While a spotty-looking jump shot will make Williamson’s life a bit more difficult, particularly away from the ball, Duke would be smart to make him a threat along the baseline once Reddish and Jones return to help with distribution duties. You worry a bit about him staying healthy given the substantial amount of force applied to his knees every time he lands, but his body should only improve as he matures.
It’s still not totally clear what his positional profile will be long-term, but Williamson but Williamson is also such a physical outlier that it may not matter as much. Regardless, he’s astonishing to watch, and seems bound to become a divisive point of conversation among scouts by the time this season gets underway. And while it’s tough to discern this early and on a team this loaded, there’s likely to be a case for him as Duke’s best player, pound for pound.
3. Assessing R.J. Barrett's skillset. R.J. Barrett makes for an interesting foil to Williamson as a more traditional, perimeter-oriented wing prospect. The Toronto native drew a crowd, consistently played hard and put up dominant numbers despite not playing his best all-around basketball (which says more about how good he can be when everything is working).
Barrett looks like he’s already in outstanding shape and has begun to pop even more as an athlete, getting downhill decisively and having his way around the basket more often than not. He’s an aggressive slasher with the ball, and quick and strong enough to defend both bigger and smaller opponents. Barrett is in the early mix but certainly not a lock to go first overall, as the top pack of players in a wing-heavy group (including Reddish, Williamson, Nassir Little and Sekou Doumbouya) have yet to separate themselves.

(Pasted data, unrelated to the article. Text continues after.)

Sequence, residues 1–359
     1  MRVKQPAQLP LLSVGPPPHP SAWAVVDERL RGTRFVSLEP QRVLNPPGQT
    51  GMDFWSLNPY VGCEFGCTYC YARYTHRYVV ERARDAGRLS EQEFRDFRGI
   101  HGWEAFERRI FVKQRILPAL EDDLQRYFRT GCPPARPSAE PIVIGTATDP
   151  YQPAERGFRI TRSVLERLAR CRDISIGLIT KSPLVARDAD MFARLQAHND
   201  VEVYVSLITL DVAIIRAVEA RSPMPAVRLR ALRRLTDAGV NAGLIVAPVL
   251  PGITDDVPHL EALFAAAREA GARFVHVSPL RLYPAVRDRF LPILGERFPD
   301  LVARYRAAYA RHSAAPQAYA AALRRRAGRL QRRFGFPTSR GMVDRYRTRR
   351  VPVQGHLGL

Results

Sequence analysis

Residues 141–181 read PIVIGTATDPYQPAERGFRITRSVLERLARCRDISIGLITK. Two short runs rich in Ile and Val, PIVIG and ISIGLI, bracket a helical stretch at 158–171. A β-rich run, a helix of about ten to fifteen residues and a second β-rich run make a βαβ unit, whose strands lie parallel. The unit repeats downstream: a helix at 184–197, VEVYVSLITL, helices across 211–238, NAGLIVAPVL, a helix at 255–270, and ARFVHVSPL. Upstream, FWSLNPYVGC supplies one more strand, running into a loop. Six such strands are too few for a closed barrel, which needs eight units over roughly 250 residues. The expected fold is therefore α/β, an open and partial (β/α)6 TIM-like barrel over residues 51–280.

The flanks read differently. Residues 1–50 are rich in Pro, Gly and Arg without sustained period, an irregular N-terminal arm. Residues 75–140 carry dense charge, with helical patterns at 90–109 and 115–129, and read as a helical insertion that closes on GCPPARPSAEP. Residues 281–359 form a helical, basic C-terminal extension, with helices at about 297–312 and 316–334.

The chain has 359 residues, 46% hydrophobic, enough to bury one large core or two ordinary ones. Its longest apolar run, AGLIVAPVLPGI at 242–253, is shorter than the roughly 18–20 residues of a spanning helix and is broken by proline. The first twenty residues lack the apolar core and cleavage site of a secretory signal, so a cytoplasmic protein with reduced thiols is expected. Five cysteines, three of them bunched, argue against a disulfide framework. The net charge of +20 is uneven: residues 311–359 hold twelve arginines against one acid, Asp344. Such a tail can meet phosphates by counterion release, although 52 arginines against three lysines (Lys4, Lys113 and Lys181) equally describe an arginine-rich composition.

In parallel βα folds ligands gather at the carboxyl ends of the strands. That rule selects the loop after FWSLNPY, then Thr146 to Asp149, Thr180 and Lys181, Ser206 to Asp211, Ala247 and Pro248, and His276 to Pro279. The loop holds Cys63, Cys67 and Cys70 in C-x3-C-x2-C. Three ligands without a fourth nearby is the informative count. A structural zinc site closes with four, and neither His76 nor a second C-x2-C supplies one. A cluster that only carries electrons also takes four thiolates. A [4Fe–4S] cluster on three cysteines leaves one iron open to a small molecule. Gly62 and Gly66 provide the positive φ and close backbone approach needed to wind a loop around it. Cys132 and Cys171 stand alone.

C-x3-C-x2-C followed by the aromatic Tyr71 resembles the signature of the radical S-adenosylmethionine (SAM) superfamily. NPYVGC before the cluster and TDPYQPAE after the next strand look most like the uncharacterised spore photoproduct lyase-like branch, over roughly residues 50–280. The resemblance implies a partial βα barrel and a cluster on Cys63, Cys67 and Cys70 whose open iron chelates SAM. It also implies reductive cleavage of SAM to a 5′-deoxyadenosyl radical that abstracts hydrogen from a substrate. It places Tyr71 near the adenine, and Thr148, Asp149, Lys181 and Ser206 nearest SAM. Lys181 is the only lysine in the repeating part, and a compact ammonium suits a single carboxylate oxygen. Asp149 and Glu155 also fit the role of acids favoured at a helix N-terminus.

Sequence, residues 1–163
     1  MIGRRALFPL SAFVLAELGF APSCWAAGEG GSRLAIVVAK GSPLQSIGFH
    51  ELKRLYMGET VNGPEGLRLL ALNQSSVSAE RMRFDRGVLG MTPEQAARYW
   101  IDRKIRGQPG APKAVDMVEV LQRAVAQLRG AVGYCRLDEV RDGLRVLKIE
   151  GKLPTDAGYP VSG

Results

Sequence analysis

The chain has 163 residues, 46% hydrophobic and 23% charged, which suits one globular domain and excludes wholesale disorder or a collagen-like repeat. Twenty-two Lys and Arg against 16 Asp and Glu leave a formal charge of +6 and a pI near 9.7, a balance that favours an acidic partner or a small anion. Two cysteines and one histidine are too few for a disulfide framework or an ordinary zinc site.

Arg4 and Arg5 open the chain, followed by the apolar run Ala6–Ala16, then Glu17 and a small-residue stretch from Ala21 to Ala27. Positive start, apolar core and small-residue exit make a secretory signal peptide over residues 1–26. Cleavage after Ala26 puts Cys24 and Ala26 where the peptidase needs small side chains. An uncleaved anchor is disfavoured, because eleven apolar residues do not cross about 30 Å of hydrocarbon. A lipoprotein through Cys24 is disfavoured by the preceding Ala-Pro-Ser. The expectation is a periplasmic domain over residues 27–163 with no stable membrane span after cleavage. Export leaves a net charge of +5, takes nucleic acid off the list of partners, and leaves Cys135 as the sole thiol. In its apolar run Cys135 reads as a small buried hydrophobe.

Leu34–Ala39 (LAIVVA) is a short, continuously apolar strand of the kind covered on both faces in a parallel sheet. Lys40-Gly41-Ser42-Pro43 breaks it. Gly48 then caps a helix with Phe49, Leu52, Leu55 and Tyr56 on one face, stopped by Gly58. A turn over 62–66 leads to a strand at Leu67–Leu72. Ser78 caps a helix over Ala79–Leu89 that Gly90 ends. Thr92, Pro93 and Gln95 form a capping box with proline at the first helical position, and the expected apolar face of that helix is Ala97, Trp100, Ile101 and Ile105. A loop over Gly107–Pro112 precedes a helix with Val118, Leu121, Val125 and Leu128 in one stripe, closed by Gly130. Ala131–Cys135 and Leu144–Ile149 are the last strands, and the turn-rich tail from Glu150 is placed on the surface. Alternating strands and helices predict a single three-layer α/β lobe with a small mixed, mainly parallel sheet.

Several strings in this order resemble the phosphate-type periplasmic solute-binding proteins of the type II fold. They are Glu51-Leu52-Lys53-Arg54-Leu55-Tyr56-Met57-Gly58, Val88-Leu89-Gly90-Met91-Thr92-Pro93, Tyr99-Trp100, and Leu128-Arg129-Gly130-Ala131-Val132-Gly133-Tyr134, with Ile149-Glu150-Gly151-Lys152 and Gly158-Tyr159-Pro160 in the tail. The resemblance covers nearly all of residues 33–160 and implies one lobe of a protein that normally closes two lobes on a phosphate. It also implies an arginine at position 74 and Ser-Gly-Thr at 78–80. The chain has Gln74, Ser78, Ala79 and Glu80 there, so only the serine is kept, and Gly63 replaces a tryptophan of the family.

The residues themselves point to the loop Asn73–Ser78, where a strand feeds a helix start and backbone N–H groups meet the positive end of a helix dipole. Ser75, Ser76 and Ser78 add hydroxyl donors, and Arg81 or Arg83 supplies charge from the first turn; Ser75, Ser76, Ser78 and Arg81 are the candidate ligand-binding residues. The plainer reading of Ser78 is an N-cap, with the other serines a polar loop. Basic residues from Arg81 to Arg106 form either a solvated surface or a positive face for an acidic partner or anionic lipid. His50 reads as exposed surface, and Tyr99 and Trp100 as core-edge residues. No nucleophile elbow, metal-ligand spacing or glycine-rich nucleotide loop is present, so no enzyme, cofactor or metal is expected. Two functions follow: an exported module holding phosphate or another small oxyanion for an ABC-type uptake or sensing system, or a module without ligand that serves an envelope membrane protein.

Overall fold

Skill diversity is an important showing point for Barrett this season, and he was functional playing point guard on this trip. He’ll make the appropriate dump-off passes and reads, but isn’t as instinctual a playmaker as Reddish or even Williamson and stands to slow the game down a touch at times. He’s already a mature player, and the decision-making component should improve.
Like Williamson, his jumper mechanics looks a bit messy right now, but Barrett can also hit when he’s open and certainly isn’t a total zero from outside. Though he’s sometimes a bit more emotional and reactive than you’d like when the game doesn’t go his way, Barrett’s level of intensity on the court was impressive. If he and Williamson can be the tone-setters, this is a team capable of beating anybody.
4. Duke's hidden gem. Javin DeLaurier hasn’t received a ton of love as a prospect quite yet, but Duke’s athletic sophomore center might be the perfect piece to anchor this team defensively, and will at the very least warrant more serious treatment from an NBA perspective than he did spelling Bagley and Carter last year. He’s long, tall and impressive moving laterally. Though he’s a bit limited offensively, he could have a Jordan Bell-like impact on this team and grow into a similar type of prospect at a substantial 6’10”. Keep an eye on his development this season.
5. The Cam Reddish wait. I’m still itching to see Reddish take the floor (he missed all three games with a groin strain), and after repeat viewings as a high school prospect, I personally think he might be the most gifted player in the draft from a pure basketball talent standpoint. Duke’s presumptive wide-open style of play should really benefit him in particular and allow him to showcase his passing skills.
While many scouts were a bit down on him in the spring due to concerns over effort and a laid-back style, Reddish should be considered a candidate for the top pick. When he’s fully engaged, he’s a jaw-dropping player to watch, and Duke will need to get him there to max out the rest of the roster.